Although the total number of motor vehicle accidents involving fatalities and injuries is declining due to better manufacturing practices, they are occurring at a very alarming rate. In 2017 alone, there were 155,000 motor vehicle accidents across Canada.
When someone becomes injured in a motor vehicle accident, they can choose to file a lawsuit against the person who was also involved in the accident. To win their case, they must prove that the other person was at fault by acting negligently. The question then becomes, how do they prove the other person acted negligently? Keep reading to learn the answer!
Defendant’s Duty of Care
In personal injury claims, the plaintiff must prove that the defendant owed a duty of care to the plaintiff. In other words, they must prove that the defendant had a duty behind the wheel to exercise caution to avoid damaging property and injuring people. Some examples include:
- complying with stop signs;
- signalling intent to change lanes; and
- driving at reasonable speeds.
Breach of Duty
The next step in proving negligent behaviour is demonstrating that the defendant disregarded their duty of care (e.g., they changed lanes without checking their blind spot, turned or changed lanes without signalling, or ignored a stop sign).
Cause in Fact
The third step in proving negligence is demonstrating that the defendant’s disregard for exercising reasonable care was the cause of the accident and any subsequent injuries. This step is usually expressed in a “but for” sentence (i.e., But for the defendant’s disregard in ignoring a stop sign, their vehicle would not have struck the plaintiff’s vehicle.”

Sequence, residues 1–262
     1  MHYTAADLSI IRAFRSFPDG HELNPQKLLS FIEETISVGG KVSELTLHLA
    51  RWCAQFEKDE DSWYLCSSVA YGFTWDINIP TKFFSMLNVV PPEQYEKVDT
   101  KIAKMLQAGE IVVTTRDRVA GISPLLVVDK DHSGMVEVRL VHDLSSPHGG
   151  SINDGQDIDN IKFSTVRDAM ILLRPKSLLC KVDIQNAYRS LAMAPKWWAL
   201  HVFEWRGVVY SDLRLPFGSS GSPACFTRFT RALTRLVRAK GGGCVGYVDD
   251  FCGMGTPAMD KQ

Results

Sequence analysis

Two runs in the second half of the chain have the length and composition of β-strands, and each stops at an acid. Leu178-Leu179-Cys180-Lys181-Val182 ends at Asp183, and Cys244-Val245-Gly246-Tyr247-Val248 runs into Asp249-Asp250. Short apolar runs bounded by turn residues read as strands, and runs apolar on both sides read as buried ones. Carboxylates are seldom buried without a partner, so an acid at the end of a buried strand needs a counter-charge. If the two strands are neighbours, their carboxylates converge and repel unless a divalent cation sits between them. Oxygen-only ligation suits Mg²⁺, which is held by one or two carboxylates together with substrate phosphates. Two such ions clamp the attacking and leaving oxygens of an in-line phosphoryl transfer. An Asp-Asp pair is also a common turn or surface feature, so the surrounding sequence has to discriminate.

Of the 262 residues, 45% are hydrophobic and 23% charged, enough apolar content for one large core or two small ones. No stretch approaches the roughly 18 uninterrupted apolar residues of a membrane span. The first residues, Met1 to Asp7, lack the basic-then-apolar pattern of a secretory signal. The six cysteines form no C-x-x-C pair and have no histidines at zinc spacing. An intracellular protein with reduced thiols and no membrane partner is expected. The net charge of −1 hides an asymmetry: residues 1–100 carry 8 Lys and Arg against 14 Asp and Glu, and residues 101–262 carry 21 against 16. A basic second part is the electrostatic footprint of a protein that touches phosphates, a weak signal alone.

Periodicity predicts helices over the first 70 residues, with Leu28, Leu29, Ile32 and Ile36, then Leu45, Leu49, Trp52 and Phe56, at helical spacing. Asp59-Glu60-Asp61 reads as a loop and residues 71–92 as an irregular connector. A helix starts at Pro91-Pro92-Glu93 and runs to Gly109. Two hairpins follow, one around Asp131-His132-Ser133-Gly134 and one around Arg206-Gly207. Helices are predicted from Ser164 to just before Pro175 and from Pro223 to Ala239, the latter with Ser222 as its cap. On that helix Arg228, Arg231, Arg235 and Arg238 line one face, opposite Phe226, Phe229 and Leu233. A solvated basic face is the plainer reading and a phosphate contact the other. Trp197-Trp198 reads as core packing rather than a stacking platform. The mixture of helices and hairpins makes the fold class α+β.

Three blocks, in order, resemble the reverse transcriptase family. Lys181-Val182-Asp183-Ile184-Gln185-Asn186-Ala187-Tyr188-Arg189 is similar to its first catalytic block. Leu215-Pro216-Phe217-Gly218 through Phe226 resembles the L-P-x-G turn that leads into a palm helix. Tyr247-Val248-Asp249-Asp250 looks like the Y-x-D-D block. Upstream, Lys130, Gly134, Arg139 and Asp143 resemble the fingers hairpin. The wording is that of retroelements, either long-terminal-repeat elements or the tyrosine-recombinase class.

To win in court, you must have damages. In other words, you cannot file a lawsuit against someone just for neglecting to exercise reasonable care if you have not incurred damages because of that neglect.
The type of damages usually awarded in personal injury cases is compensatory damages. The injured party would receive compensation for medical expenses, pain and suffering, time missed from being away from work and damages to their personal property.
You must also prove that the defendant could have reasonably expected that what they were doing would lead to damages or injuries like the ones you incurred. For example, one can reasonably expect that ignoring a stop sign will cause a motor vehicle accident.
However, suppose someone’s vehicle softly collides with yours and goes into cardiac arrest. In that case, it will be difficult for you to demonstrate that the defendant could have reasonably anticipated that someone would go into cardiac arrest due to their actions.
Prevailing in Your Case by Proving Negligence
Your strategy in the courtroom must incorporate demonstrating negligence if you want to recover what you lost. A skilled lawyer can walk you through the legal process and all the aspects of negligence. If you are in an accident, call a lawyer immediately to improve your chances of prevailing.
If you need a personal injury lawyer in Ottawa, call McNally Gervan today. Their dedicated team will show you how they can help you with your injury case.